You may not have known it, but history happened yesterday. The United Nations held it’s first ever high-level General Assembly to discuss the struggles faced by people living with disabilities worldwide.
While a lot was discussed during this meeting (and we mean a lot), here are a 4 key takeaways:
1) People living with disabilities are the world’s largest minority…
There are more than 1 billion (yes, with a “b”) people living with disabilities worldwide. One billion. That represents 15% of the world’s entire population, making people living with disabilities the largest minority in the world. Of that population, an estimated 80% live in developing countries.
2) …but despite their numbers, they have not been included in the UN development agenda.
Despite the size of this population, people living with disabilities were not originally included in the UN’s Millennium Development Goals (MDG), a global action plan to address the needs of the world’s poorest and most marginalized populations. The MDG, agreed on by world leaders in 2000, includes 8 goals all to be achieved by 2015 – but none of these goals directly address the rights of people living with disabilities.
During yesterday’s meeting, the General Assembly recognized that people living with disabilities are an integral part in achieving these goals, and in shaping the developments goals for 2015 and beyond. The Assembly adopted a resolution (more on that later) encouraging heads of state to make their development plans disability-inclusive.
3) Access is a huge obstacle.
One of the key issues addressed during yesterday’s meeting was the issue of access. While we all know access to proper health care is a problem throughout the world, it is even more dire for people living with disabilities. According to the World Health Organization, people living with disabilities worldwide are 3 times as likely as someone without a disability to be denied adequate health care. WHO went on to say that of the 70 million people in the world who need wheelchairs, only between 5 and 15% have one.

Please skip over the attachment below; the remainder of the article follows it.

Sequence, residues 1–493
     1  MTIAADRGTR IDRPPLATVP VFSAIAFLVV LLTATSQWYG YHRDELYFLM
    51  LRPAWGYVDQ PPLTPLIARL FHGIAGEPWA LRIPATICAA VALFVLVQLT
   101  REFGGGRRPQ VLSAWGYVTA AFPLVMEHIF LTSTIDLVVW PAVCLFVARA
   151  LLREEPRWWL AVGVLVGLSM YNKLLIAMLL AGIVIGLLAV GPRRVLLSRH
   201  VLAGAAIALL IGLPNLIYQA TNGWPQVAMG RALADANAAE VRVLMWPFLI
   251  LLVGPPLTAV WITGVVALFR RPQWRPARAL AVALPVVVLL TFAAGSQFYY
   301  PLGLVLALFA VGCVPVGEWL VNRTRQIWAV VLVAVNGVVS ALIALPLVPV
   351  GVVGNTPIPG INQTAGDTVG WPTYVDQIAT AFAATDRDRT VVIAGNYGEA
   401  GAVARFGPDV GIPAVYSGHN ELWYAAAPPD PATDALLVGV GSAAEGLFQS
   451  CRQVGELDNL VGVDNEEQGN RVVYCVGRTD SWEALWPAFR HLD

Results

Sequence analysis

4) Yesterday’s outcome was a show of support – nothing legal.
The outcome of yesterday’s meeting was the General Assembly’s adoption of a resolution stressing the importance of including people living with disabilities in all UN development goals, and calling for urgent action to ensure people living with disabilities have equal access to health care, education and “full and productive employment.”
So what does that all mean? Well, unfortunately, not much more than a show of support. The resolution is non-binding, meaning it cannot be converted into any legislation. But, it is a great start.
To learn more about yesterday’s General Assembly and the topics discussed, visit http://www.un.org. In the meantime, let us know what you think.